Countdown, by Michelle Rowen from NetGalley

That's it for me this week. I'm still wishing for more hours in the day to read all the great books that have come out, and the ones that I've wanted to read for so long. Oh well. I'll do the best I can. Please visit our hosts, Team Tynga's Reviews and visit some other participating blogs. Thanks for stopping by, and come back soon.





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Thursday, August 22, 2013

Book Review: Crown of Midnight, by Sarah J. Maas @SJMaas

Love, love, love. That's the first thing I can think of when trying to review Crown of Midnight. See that cover? Yea, it's perfect.

Celaena just goes after it in Crown of Midnight. She's the royal assassin, so she's at the king's mercy, but she's very clever, and tries very hard to do what is right. Crown of Midnight is all about her struggle to do that. She's out to save the kingdom, and possibly the world.

I read a review that said they didn't like Celaena because she never killed anyone. Did you read the same book? Yes, there were times when she didn't kill when she was supposed to, but she definitely killed to defend herself and her loved ones several times. There is no better way to describe Celaena but to say "kick ass." I loved the description of the fight scenes. I'd love to see Celaena on the big screen with her knives and swords!

There's some progression of the story too. We find out some pretty important things about the king, Dorian, and Celaena. There's more than just fighting -- there's a story here. And I can't wait to find out how it all is resolved.

And the romance -- ohhhhh -- that's not to be missed either. I loved the ebb and flow of the relationships and am happy about how things are going, even if all is not resolved.

I guess if I had to come up with something negative, I'd have to say that there's quite a bit of magic in this one, and since fantasy elements are my least favorite, it was a bit much. But that's only if I HAVE to come up with something negative. Otherwise, I wouldn't have mentioned it because it's really a personal thing.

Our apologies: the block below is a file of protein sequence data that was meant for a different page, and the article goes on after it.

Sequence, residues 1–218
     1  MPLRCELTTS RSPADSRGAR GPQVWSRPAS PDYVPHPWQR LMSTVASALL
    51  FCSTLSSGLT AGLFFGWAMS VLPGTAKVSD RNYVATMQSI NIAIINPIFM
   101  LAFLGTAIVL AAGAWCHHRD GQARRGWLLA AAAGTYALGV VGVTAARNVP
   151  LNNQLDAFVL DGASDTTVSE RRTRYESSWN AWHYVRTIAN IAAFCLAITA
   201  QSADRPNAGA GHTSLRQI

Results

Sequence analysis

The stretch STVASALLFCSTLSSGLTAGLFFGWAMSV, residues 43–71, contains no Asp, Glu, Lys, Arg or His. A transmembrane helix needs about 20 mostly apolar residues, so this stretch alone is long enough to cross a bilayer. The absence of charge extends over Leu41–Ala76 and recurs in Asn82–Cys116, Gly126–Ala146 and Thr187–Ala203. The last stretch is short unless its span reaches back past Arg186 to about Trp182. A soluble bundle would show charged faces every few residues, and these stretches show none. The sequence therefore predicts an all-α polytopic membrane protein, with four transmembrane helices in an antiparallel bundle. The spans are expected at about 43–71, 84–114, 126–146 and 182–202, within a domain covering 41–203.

Not only would I recommend Throne of Glass, I would highly recommend the 4 novellas that are prequels to that one. Then, you must continue with Crown of Midnight. This is definitely a must read series -- and I can't wait to continue to shove these books at my teens!

Published by Bloomsbury USA, August 27, 2013
eBook obtained from NetGalley
432 pages

Rating: 5/5





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Tuesday, August 20, 2013

Audio Book Review: A Brief History of Montmaray, by Michelle Cooper

While it took me a while to get into A Brief History of Montmaray, by the end the book had totally sucked me in.

Montmaray is a tiny island kingdom in the middle of the Bay of Biscay. The only people on the island are Sophie FitzOsborne (our narrator), her sister Henri, and her cousin Veronica who are all princesses. Uncle John is the king, who is confined mostly to his bed and out of his head. And the housekeeper, who doesn't keep much house.

The FitzOsbornes are poor and the castle is falling down. There are only a few people left in the village. Much of the book is just an account, via Sophie's journal, of the daily struggles of living in this leaky castle. Candles must be rationed, as well as food. They definitely don't live like royalty! The heir to the throne, Sophie's brother, is away at school in England. Aunt Charlotte also lives in England and is in charge of the family and what little money they have.

It's 1936-37, and tensions are high in England, France, and Germany as Hitler's influence is being felt. It's hard for the FitzOsbornes to understand what is going on from so far away and with what little contact they have with the outside world. But one day, a German scientist and his assistant land on the island, and Sophie and Veronica realize that it's possible that danger has come to them.